(Royal Ideas for Songwriters, DIY Recordists and Musicians)

The Value of Listening
By Mark Bacino

In this post, I thought I’d touch on the simple act of listening and the value it holds for us as songwriters.

With all the amazing tools of communication available to us today making it easier than ever to share and get our thoughts out into the world, there seems to be, sadly, a definitive shift toward “talking” rather than listening.

As songwriters (and human beings) we all want to be heard, but we also need to remember that our output is only as good as our input. Our creative engines need the fuel of inspiration, and that inspiration can only be absorbed when we’re listening and open to receiving it.

So today, in the spirit of radio silence, fight the urge to post that 20th tweet and try listening to the birds (or Bird) instead.

Enough said…


Tempo Basics
By Mark Bacino

Timing in life, as they say, is everything. It’s obviously pretty important in music, too, so let’s talk tempo.

As songwriters, we think of tempo as the most basic of basics. Tempo, or the speed at which we perform a song, is sort of the quiet engine, the driving force behind all our tunes; yet, because we consider it so "Songwriting 101," tempo can sometimes become songcraft’s sadly neglected middle child.

The hard, cold facts are these: Perform a great song too fast and you’ve lost the race. Play a great song too slow and the only animal left in the barn when you finish will be the turtle you rode in on. Your audience may never intellectualize your tempo miscalculations, but they will certainly feel them and sense something’s "off."

Disclaimer: I have to admit I’m pretty horrible at picking the right tempos for my tunes. Conversely, I know a lot of songwriters who are just plain naturals at the process (hate them). If you’re one of the former, here are a few survival tactics I’ve developed over the years:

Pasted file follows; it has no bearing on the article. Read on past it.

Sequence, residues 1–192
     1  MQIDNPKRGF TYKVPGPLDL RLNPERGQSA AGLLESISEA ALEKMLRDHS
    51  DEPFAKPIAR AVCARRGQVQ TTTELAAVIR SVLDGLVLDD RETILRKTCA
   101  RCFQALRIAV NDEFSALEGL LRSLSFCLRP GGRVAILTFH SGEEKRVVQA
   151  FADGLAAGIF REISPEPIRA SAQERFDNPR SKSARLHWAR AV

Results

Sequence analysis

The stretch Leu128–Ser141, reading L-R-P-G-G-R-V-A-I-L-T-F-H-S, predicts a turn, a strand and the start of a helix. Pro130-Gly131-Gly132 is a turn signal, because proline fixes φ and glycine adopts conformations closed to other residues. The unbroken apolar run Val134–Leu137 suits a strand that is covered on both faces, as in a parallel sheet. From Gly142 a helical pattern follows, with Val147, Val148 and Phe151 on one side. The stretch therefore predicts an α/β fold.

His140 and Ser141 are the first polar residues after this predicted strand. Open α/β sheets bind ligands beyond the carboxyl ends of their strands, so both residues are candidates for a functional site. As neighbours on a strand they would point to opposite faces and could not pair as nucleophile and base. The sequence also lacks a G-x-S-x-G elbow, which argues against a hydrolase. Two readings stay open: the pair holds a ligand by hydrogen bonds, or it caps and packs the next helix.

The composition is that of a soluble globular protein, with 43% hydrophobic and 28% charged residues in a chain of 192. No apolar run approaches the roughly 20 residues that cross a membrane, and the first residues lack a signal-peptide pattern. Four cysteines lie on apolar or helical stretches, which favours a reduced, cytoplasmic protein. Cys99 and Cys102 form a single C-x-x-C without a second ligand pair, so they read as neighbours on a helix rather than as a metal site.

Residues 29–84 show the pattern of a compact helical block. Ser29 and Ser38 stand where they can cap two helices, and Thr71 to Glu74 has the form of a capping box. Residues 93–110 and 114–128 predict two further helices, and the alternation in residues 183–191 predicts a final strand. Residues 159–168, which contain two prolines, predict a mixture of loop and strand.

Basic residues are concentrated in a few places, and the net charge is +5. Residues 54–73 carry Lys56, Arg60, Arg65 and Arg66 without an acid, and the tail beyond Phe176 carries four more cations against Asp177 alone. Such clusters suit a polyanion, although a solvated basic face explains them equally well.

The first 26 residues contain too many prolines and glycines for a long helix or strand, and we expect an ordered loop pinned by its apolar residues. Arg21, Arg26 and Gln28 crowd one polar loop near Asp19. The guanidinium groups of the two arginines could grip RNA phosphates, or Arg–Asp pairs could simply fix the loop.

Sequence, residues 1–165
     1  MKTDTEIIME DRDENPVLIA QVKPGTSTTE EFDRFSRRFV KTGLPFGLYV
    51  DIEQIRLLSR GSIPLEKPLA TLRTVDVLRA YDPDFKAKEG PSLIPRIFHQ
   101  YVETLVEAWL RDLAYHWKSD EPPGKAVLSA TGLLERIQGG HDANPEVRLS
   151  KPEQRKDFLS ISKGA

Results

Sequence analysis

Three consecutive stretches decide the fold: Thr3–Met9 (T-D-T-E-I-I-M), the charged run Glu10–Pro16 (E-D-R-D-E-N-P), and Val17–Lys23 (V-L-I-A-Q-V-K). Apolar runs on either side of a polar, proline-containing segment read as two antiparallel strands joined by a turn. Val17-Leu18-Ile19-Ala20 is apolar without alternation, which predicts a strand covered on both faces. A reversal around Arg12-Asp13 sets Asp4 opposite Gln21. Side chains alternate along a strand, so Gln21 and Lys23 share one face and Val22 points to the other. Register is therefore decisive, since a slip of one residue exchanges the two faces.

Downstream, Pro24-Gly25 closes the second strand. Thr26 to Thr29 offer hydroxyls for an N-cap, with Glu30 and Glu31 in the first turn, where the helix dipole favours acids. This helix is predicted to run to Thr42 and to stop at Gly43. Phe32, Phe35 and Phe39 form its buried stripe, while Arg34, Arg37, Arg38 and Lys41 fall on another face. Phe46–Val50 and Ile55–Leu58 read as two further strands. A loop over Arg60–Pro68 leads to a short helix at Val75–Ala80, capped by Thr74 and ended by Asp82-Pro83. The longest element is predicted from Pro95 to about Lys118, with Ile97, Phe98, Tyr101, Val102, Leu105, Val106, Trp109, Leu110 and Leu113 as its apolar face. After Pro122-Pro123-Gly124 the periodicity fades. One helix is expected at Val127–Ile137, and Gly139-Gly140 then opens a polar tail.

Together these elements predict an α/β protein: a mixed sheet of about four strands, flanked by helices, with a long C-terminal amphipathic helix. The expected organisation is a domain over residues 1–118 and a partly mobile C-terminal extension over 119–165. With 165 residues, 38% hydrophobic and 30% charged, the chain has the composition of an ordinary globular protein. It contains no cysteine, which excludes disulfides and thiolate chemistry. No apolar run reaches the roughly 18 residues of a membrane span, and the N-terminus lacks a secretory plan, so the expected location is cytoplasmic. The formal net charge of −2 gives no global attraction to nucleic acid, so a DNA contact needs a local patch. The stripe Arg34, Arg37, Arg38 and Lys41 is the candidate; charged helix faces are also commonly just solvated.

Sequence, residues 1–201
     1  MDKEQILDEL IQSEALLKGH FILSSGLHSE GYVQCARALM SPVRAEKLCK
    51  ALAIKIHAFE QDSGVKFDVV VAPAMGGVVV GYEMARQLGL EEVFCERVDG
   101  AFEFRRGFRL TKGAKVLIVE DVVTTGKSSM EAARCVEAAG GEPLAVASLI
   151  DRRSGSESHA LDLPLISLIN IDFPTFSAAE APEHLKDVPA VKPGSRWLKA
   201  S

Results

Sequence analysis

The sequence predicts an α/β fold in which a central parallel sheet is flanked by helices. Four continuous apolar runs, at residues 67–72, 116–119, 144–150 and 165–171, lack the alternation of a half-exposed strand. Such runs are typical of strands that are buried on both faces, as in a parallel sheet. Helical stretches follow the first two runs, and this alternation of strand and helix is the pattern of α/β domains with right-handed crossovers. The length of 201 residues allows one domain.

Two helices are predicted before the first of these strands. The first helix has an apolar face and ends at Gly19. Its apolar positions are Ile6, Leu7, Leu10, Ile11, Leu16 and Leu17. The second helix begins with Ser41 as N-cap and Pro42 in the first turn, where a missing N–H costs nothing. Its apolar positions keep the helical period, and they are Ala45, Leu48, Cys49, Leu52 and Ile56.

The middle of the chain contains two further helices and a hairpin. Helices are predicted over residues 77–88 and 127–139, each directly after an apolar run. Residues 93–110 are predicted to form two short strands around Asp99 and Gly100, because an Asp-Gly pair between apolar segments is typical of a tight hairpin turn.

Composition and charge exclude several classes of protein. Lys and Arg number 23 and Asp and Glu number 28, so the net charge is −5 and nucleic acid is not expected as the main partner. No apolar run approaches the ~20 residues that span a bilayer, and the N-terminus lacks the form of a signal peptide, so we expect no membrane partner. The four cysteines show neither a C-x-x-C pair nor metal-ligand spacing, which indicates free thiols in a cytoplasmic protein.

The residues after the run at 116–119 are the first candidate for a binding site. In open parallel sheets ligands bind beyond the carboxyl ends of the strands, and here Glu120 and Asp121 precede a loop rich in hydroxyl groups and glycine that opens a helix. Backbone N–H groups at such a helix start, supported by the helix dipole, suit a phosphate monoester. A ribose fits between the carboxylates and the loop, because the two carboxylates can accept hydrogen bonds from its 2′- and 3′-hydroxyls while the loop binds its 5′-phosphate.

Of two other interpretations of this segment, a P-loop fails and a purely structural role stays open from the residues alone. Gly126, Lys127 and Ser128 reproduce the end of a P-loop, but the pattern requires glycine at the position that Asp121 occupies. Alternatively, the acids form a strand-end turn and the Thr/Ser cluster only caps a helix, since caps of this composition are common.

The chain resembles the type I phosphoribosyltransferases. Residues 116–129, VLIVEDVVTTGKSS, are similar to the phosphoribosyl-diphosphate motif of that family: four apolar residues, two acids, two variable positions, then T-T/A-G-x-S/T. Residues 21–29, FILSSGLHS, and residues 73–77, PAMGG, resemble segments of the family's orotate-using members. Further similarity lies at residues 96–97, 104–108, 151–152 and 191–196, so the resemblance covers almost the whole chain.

• Recording

Before you begin to record those new songs with your band, have all your tunes' tempos decided upon and documented via the BPM (beats per minute) standard of tempo measurement.

Despite your drummer’s claims of his "killer" feel and his promises of an early departure from the bar the night before recording, the studio is a bad place to pick tempos. There's just too much going on.

Every home Digital Audio Workstation (DAW) comes with a click track and BPM tempo controls. If you have a DAW, use these tools and mess around with your tempos offline, on your own time. Even record yourself with just one instrument and a vocal at different tempos and listen back until you find the right tempo that works for each particular tune. Then write them down. Even if you don’t plan on recording to a click (aka fixed time) in the studio, your pre-selected tempos will make for a great reference/starting point.

Don’t have a DAW set-up at home? Check this metronome app for iPhone or this free online metronome. These will help you get the job done. And if all else fails, get your hands on an old-fashioned metronome.

Another tempo-finding hack I’ve employed goes like this: Think about your new song and try to recall a favorite tune from another artist that might have a similar vibe or feel. Dig out that artist’s track and try and figure out what tempo their song lives at. You can do this by using the "Tap" function in your DAW or app.

Once you establish the model song’s tempo, apply that BPM to your tune. It may not be perfect, but it probably will be close. Adjust accordingly and quietly give thanks to super producer Jack Douglas for helping you pick out a tempo for your song via that old Aerosmith record.